Historically, mad cow has never been reported in cattle which are totally grass fed. The outbreak in Britain and Europe which occurred 15 years ago has been linked to the practice of using animal by-products in feeding. Providing cattle with their God designed diet of grass and forage results in the safest beef for families.
What Is Mad Cow Disease?
Bovine Spongiform Encephalopathy (BSE), known in vernacular as Mad Cow Disease, is one of a group of transmissible spongiform encephalopathies (TSE). These transmissible, slowly progressive, degenerative, fatal diseases affect the central nervous system of many animals including man and cause neurological symptoms. These diseases include BSE in cattle, Scrapie in sheep, Chronic Wasting Disease (CWD) in elk and deer, and Creutzfeldt-Jakob Disease (CJD) in humans among others.
What Causes Mad Cow Disease?
The causative agent for these diseases have not been proven exactly, however, numerous theories exist. The leading and most accepted theory is that the diseases are caused by a prion (a protein particle). Other theories involve a virus, Spiroplasma bacteria, organophosphates, magnesium, aluminum, and the autoimmune system.
The greatest attention has been given to BSE when evidence in the 1990ís linked it to nvCJD (new variant Creutzfeldt-Jakob Disease). CJD has been recognized with worldwide distribution for at least 80 years and usually has an onset in 60-70 year olds. New variant CJD (nvCJD) was only recognized in the last decade and has been the form linked to BSE. It has been seen in young people and even children.
Though not proven how, BSE may be spread to humans. Evidence indicates that nvCJD has occurred after consuming BSE-contaminated cattle products. Evidence has also indicated that the transmission of BSE to humans is only possible with the consumption of brain, eyes, lymph nodes or spinal tissue.
The outbreak of BSE in cattle, which occurred in Britain, is believed to have started from the feeding of Scrapie-contaminated sheep meat and bone meal to cattle. This outbreak was then made worse by the practice of feeding rendered bovine meat and bone meal to young calves. Just by going back to grass feeding all the Mad cow issue can be resolved.
Below is a research study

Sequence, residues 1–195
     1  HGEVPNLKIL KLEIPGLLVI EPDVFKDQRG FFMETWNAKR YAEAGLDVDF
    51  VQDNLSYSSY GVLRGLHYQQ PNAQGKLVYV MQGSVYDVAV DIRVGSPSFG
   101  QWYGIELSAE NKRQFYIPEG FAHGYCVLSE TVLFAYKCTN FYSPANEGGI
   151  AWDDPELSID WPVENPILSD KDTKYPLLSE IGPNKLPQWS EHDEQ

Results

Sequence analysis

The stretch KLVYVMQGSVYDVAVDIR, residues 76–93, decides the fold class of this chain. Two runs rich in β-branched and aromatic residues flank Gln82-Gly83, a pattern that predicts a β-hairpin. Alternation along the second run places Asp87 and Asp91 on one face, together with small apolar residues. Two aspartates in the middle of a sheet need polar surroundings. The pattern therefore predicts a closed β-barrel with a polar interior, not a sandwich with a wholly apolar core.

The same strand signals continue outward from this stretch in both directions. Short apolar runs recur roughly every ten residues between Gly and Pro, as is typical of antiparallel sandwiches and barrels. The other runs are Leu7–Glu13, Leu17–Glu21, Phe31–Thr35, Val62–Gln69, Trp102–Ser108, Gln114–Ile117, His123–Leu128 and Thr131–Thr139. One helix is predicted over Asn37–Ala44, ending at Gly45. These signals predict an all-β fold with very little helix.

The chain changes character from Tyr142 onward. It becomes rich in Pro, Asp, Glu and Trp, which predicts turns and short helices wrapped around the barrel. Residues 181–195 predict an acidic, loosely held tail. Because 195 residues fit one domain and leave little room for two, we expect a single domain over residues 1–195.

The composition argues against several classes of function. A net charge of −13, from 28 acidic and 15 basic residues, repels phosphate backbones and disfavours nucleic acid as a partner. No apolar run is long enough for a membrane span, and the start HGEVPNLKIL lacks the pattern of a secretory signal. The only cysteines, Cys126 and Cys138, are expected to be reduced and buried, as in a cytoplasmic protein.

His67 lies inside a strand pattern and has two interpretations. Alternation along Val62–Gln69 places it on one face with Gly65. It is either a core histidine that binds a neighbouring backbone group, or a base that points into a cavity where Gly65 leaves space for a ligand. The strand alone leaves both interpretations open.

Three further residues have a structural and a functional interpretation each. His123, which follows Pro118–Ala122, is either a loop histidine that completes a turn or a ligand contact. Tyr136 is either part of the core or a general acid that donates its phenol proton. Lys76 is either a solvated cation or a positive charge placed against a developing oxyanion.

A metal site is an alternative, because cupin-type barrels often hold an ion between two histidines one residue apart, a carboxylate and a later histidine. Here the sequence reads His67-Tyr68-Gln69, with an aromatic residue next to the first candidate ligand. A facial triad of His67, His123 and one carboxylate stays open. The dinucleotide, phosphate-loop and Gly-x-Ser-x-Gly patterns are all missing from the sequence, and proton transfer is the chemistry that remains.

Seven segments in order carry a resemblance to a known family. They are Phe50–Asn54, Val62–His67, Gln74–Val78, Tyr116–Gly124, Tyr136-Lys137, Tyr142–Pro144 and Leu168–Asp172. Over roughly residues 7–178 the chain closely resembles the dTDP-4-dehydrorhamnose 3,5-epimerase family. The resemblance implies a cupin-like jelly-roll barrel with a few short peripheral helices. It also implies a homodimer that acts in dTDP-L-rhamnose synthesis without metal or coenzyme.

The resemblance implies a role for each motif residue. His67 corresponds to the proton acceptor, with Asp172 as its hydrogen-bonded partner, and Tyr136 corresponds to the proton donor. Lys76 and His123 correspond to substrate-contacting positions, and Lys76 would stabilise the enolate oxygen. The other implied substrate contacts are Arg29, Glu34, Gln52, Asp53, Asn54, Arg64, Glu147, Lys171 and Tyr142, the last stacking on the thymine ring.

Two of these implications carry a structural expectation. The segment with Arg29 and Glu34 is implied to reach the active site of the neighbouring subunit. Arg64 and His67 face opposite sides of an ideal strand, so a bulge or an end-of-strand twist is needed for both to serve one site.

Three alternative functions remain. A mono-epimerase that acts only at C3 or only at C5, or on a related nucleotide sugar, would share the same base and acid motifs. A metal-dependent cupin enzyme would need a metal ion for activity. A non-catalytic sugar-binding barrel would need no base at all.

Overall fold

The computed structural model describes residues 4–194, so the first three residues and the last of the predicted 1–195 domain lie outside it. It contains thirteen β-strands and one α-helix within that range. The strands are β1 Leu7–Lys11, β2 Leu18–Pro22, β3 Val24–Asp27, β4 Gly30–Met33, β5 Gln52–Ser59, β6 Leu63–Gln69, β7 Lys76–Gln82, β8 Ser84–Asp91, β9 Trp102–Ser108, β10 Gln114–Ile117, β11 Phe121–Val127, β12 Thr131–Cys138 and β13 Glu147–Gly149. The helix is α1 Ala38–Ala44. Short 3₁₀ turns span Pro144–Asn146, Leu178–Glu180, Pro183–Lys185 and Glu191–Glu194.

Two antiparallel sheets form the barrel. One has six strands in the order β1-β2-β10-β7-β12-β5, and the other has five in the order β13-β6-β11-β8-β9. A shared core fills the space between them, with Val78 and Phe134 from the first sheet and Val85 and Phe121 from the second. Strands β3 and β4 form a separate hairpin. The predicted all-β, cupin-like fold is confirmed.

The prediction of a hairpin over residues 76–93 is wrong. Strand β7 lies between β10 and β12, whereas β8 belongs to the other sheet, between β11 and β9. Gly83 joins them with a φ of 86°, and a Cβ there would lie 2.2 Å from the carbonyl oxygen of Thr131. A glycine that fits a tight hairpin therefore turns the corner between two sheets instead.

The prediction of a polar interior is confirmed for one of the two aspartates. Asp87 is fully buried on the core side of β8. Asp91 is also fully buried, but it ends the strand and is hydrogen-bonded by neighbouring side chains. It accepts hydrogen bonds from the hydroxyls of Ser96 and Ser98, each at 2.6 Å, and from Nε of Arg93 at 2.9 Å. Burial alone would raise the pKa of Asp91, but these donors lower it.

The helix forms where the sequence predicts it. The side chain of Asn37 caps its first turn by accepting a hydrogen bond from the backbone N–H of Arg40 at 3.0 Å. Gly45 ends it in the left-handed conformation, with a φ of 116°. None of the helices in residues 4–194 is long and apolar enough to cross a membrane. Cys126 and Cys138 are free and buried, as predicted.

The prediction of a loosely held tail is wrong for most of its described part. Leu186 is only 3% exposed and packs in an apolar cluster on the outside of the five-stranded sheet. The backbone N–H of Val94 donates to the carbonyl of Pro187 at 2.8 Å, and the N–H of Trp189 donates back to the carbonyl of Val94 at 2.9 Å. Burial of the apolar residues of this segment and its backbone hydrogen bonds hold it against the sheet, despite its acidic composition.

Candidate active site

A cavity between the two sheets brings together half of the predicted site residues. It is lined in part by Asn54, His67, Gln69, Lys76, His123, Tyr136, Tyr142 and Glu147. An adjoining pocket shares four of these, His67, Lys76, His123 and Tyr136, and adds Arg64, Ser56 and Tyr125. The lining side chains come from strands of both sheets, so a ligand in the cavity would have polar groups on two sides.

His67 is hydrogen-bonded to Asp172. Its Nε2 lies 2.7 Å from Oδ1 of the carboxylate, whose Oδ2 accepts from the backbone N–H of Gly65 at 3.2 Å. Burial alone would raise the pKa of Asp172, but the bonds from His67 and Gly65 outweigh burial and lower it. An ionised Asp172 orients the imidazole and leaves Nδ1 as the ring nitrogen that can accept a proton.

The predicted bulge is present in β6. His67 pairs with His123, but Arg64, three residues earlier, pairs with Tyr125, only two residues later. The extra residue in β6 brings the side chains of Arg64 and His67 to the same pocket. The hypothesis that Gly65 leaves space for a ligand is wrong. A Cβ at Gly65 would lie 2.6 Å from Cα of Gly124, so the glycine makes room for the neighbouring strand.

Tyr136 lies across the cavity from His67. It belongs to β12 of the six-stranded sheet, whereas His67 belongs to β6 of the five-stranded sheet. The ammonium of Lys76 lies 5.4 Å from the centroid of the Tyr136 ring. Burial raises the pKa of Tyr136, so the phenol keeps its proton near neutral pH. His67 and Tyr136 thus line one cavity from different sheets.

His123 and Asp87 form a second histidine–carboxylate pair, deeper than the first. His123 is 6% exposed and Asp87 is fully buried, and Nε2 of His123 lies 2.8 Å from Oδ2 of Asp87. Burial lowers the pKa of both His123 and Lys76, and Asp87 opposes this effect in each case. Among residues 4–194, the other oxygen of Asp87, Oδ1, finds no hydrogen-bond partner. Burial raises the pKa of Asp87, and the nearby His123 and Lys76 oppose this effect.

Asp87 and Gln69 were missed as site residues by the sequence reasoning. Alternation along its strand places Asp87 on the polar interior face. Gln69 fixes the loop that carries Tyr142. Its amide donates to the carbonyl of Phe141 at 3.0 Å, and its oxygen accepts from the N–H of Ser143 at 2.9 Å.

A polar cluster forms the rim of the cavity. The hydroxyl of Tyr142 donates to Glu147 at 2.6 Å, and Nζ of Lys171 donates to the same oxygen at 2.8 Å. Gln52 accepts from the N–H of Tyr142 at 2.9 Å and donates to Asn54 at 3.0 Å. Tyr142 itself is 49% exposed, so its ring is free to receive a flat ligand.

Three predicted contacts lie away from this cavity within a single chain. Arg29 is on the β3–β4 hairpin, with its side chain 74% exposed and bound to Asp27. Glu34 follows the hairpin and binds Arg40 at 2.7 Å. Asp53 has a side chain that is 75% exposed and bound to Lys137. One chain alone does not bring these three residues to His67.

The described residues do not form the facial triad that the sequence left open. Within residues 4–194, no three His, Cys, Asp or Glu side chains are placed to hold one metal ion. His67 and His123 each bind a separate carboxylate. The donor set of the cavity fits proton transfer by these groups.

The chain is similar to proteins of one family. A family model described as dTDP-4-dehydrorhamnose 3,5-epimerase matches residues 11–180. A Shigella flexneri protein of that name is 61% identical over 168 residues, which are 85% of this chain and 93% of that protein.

Bovine spongiform encephalopathy, multiple sclerosis, and creutzfeldt-jakob disease are probably autoimmune diseases evoked by Acinetobacter bacteria.
Bovine spongiform encephalopathy (BSE) belongs to a group of conditions named together as transmissible spongiform encephalopathies (TSE). They are fatal neurodegenerative diseases that include "scrapie" in sheep, Creutzfeldt-Jakob disease (CJD) and kuru in humans, and chronic wasting disease in deers. BSE-affected animals suffer from "hindquarters" paralysis, which is also one of the main features of "experimental allergic encephalomyelitis" (EAE). EAE is considered an animal model of multiple sclerosis (MS) and lower limb ataxia is often observed in MS patients. The presence of clinical and histopathological similarities in these diseases suggests a common pathology. Specific brain peptides, which produce EAE, were shown to have "molecular mimicry" with the soil and skin saprophytic microbe, Acinetobacter. BSE-affected animals and patients suffering from MS have been found to have elevated levels of antibodies to both Acinetobacter and Pseudomonas bacteria, as well as autoantibodies to both white and gray matter brain components. The hypothesis is proposed that Acinetobacter/Pseudomonas bacteria may have evoked both BSE and MS through the mechanism of "molecular mimicry" and autoimmunity in a similar way to Streptococcus microbes producing rheumatic fever and Sydenham's chorea. The possibility that CJD patients may show similar features remains to be determined.
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